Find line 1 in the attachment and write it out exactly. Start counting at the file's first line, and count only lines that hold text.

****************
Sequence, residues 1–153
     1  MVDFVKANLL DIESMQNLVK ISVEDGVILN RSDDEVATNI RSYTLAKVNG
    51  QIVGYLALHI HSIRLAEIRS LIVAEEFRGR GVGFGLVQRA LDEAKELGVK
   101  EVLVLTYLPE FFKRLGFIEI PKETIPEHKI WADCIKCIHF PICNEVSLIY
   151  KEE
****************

Sequence, residues 1–153